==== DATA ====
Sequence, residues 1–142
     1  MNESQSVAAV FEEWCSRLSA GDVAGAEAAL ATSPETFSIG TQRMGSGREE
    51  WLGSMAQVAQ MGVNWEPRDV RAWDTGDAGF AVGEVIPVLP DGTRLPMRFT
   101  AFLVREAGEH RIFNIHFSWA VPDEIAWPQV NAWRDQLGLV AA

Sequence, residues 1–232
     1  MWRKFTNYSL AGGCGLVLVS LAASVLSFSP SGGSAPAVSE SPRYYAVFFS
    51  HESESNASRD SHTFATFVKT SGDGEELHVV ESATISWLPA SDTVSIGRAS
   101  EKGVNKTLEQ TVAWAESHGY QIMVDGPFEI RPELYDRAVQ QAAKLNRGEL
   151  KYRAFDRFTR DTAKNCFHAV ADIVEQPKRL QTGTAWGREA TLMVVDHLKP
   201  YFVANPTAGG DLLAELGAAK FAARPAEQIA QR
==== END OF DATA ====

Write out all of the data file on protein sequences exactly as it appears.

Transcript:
Sequence, residues 1–142
     1  MNESQSVAAV FEEWCSRLSA GDVAGAEAAL ATSPETFSIG TQRMGSGREE
    51  WLGSMAQVAQ MGVNWEPRDV RAWDTGDAGF AVGEVIPVLP DGTRLPMRFT
   101  AFLVREAGEH RIFNIHFSWA VPDEIAWPQV NAWRDQLGLV AA

Sequence, residues 1–232
     1  MWRKFTNYSL AGGCGLVLVS LAASVLSFSP SGGSAPAVSE SPRYYAVFFS
    51  HESESNASRD SHTFATFVKT SGDGEELHVV ESATISWLPA SDTVSIGRAS
   101  EKGVNKTLEQ TVAWAESHGY QIMVDGPFEI RPELYDRAVQ QAAKLNRGEL
   151  KYRAFDRFTR DTAKNCFHAV ADIVEQPKRL QTGTAWGREA TLMVVDHLKP
   201  YFVANPTAGG DLLAELGAAK FAARPAEQIA QR